A lot of these links direct you to sites that do a decent job of passing themselves off as a Google, Twitter, Facebook or a banking login page. You think, "Oh, I need to log in again," and enter your username and password. But what you really did was give that information to someone creeping along in the shadows of the Internet. So what do you do?

You have a few options. You can suffer the consequences and work with the site to regain control of your account. Better, you can quickly realize what's happened and scurry off, full of anxiety, as you race to change your password. But better still, you can take a few minutes and protect yourself from all of this happening in the first place.

How can you protect yourself? Well, the first is the most obvious: Don't click weird links, ever. But everyone makes a mistake now and then. So the second way you can protect yourself is using two-step authentication. It's fairly quick and easy to setup and not really all that intrusive to use.

Before I get into how to use it, let's define what two-step authentication is. The name really spells it out; it's a login process that requires two steps. The first step is entering your username and password as you normally would. The second step is entering a random code that is sent to you via text message, e-mail or through an app. My personal recommendation is to use text messages or an app on your phone because waaaaay too many people use the same password on every site (and if you do, STOP IT!). So if you give away your password because you entered it on a site that kinda looked like the one you thought you were on, the jerk who set all of that up most likely will try to use that same password for any other account of yours they can find. Which means they will try to login to your e-mail if they can find it. So use your phone. You don't even need a "smart phone." You just need a phone that can accept text messages.

So now that I've given you an idea of what two-step authentication is, let's start where the most actual damage can occur: banking. Most banks have this option somewhere on their website. For my bank, when I login from a browser or device I haven't used to access my account before, I get redirected to a page saying as much. On that page I can choose to have a text message sent the phone number on file with the bank or an e-mail to the e-mail address I provided in my banking profile. Before I can finish logging in, I have to select which option I want and then the bank sends me a code. Once I get that code (it only takes a few seconds), I enter it, re-enter my password, and I'm in. Setting this up will vary from bank to bank, so you may need to reach out to your bank's customer service if you can't find it for yourself. And if your bank doesn't offer two-step authentication, you might want to consider changing to a bank that takes security a little more seriously.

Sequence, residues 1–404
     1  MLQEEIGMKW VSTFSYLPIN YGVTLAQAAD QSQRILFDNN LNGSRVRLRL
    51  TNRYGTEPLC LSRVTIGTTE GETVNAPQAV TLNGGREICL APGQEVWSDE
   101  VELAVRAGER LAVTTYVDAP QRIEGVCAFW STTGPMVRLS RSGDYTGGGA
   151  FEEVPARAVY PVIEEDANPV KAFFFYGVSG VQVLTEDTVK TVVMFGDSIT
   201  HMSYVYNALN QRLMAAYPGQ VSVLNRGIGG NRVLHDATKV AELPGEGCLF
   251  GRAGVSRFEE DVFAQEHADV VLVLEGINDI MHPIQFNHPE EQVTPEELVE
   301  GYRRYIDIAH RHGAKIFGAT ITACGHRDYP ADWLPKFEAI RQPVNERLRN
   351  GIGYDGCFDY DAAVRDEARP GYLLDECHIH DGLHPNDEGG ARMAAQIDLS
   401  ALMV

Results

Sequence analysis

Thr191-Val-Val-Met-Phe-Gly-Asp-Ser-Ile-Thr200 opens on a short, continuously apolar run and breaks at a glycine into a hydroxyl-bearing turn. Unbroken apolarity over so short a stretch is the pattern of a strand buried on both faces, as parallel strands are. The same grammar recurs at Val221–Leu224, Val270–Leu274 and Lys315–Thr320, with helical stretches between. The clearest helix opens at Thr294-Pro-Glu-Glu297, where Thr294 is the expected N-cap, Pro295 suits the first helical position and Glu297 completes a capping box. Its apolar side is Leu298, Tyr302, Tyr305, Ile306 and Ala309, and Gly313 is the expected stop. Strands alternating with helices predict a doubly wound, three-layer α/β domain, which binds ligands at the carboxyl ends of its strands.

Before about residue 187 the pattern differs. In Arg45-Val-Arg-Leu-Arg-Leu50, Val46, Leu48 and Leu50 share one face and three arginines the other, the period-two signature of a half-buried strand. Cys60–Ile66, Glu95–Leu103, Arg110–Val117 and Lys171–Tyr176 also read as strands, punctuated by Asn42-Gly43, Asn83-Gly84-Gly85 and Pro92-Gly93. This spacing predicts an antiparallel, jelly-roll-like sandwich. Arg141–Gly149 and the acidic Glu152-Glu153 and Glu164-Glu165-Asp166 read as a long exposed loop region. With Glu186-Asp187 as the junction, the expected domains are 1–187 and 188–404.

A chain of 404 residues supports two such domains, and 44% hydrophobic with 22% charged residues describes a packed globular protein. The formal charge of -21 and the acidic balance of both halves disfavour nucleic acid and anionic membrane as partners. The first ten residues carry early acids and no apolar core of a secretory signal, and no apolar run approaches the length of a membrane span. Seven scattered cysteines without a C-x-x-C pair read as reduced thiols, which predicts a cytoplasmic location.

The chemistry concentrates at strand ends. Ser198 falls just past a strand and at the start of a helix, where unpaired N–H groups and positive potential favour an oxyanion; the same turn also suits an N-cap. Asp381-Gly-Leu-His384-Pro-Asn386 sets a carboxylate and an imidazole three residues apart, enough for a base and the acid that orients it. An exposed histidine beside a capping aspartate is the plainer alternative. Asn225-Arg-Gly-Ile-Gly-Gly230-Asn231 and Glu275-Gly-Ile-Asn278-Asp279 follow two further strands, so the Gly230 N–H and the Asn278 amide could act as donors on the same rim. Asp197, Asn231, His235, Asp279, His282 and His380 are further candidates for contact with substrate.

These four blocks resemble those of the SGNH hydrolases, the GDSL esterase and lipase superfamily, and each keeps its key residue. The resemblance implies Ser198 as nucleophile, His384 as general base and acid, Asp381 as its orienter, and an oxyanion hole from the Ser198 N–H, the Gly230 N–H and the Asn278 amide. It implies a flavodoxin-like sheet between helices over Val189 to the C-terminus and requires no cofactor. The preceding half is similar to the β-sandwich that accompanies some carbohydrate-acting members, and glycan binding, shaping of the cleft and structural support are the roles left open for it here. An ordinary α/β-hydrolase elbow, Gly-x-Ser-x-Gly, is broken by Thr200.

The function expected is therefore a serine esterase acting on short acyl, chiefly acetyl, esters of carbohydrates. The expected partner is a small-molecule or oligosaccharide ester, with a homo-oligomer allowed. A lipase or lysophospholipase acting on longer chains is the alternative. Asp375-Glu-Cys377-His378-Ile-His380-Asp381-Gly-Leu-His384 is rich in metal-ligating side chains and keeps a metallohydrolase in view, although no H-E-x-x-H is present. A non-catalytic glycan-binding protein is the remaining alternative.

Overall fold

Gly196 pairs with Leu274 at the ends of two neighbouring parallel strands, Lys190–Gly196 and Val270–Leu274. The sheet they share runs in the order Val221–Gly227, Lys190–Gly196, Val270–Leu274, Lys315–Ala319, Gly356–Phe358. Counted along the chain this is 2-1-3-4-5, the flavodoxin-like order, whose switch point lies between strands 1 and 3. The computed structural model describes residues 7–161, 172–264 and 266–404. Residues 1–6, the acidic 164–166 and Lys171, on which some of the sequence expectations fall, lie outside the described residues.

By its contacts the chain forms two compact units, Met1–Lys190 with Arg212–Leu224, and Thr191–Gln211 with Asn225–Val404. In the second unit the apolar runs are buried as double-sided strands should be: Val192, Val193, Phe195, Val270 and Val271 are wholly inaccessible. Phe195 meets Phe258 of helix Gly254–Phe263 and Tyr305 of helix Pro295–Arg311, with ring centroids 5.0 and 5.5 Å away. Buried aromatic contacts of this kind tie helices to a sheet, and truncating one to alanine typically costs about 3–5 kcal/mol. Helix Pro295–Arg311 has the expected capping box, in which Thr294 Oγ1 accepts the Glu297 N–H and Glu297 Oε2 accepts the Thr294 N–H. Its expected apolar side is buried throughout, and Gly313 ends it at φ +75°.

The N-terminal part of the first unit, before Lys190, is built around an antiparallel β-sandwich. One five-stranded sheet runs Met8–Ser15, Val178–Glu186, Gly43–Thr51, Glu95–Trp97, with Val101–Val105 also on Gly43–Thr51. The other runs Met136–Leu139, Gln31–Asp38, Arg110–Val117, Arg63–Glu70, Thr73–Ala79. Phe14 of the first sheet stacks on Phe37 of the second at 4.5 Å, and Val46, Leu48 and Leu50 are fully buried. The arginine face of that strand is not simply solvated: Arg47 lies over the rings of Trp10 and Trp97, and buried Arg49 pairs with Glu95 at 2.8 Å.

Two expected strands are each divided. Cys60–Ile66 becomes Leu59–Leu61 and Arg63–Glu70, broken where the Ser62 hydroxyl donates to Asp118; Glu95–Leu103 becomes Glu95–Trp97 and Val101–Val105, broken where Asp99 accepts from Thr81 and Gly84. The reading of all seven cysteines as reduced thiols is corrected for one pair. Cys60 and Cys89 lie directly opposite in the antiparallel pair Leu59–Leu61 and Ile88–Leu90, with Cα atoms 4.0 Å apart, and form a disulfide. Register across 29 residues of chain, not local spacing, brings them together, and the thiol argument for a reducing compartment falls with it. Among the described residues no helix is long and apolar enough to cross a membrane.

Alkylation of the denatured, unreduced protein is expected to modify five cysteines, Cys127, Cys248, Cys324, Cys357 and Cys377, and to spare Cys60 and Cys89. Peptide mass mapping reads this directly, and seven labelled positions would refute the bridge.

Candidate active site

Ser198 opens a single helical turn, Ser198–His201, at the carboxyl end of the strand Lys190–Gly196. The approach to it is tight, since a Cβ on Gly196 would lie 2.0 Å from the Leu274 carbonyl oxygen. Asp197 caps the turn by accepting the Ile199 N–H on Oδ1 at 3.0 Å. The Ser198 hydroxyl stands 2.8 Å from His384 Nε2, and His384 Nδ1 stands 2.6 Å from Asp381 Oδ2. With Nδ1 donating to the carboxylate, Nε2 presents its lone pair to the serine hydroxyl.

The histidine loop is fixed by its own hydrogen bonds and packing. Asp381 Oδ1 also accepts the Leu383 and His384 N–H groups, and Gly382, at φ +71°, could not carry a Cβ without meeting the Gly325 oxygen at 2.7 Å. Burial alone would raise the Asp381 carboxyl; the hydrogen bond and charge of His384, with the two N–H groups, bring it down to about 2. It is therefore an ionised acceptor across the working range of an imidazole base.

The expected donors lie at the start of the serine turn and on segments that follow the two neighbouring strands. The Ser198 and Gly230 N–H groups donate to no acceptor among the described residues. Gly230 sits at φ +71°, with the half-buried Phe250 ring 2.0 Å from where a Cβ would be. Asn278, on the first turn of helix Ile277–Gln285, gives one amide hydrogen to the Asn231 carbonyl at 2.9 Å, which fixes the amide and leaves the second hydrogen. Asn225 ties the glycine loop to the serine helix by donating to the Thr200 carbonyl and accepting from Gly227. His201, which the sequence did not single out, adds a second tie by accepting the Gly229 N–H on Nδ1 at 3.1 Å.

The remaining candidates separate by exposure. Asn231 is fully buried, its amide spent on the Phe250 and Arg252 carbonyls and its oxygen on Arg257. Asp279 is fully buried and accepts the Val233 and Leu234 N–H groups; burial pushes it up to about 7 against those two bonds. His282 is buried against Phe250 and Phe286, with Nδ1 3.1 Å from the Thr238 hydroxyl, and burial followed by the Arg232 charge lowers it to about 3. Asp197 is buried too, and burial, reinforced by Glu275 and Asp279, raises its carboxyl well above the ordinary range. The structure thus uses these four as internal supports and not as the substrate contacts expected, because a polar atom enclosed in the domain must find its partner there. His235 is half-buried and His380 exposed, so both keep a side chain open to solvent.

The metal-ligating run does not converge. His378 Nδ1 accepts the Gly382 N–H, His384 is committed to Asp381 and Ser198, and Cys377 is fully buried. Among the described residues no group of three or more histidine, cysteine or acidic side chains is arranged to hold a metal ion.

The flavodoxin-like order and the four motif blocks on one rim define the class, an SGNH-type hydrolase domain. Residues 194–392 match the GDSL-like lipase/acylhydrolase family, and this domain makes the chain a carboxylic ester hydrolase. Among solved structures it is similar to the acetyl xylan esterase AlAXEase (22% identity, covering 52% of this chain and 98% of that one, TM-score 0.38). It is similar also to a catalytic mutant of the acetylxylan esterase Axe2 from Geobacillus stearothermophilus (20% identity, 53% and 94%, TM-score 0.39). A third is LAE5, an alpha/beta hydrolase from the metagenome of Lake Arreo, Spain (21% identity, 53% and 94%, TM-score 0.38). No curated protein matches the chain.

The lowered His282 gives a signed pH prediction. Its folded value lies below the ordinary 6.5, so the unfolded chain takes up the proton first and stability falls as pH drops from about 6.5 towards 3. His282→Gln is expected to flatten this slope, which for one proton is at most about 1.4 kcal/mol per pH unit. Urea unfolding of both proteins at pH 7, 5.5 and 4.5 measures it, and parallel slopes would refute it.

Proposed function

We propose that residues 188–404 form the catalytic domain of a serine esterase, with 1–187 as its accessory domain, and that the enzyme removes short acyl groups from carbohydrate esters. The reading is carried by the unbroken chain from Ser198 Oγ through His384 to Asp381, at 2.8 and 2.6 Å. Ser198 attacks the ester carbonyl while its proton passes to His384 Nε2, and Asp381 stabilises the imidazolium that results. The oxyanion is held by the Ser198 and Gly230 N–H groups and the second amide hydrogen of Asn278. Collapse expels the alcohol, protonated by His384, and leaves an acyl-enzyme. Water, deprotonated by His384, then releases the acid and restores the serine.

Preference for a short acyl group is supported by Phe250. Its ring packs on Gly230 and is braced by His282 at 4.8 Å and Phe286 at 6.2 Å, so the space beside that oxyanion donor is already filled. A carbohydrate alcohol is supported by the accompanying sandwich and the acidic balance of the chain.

On Facebook, you can enable two-step by clicking the little padlock at the top right corner of the page and selecting "See More Settings." Once you're on the the Privacy Settings and Tools page, look to the top left and click Security. You can setup Login Approvals to send you a text message with a login code, or you can use the Facebook app or Google Authenticator app (available for Android and iOS). You'll see "Login Approvals" and "Code Generator" for the respective option you wish to use. I won't go into the detailed instructions, because Facebook has written it out, step-by-step, and it is actually very simple to setup.

While you're on your Facebook Security Settings page, go ahead and setup your Trusted Contacts as well. "Trusted contacts are friends that can securely help you if you ever have trouble accessing your account." That's right off the Facebook website. I've never had to use it, but the simple version of how it works is your trusted contact will have something they can click when they login to Facebook that will help you regain control of your account if you're locked out.

Moving on, Twitter has something very similar. Click the gear icon at the top right, and select Settings. Once you see the Settings page, look to the menu at the far left, just under your account picture, and click on Security and Privacy. You can choose whether you want to have a code sent via text message or, if you have the Twitter app installed on a phone or tablet, you can select the option to send a login verification request to the app. If you choose the latter, you won't even need to bother with a code; you'll get a notification via the twitter app asking you if you want to authorize a login attempt. You click the check mark if you're the one trying to login, or the x if you didn't try to login recently. I know this Twitter app approval works on Android, but since I don't use an iPhone or Windows phone, I'm not sure if the Twitter apps on those platforms provides the same functionality. If they don't, you can still use text messages to get a code to enter after your login attempt.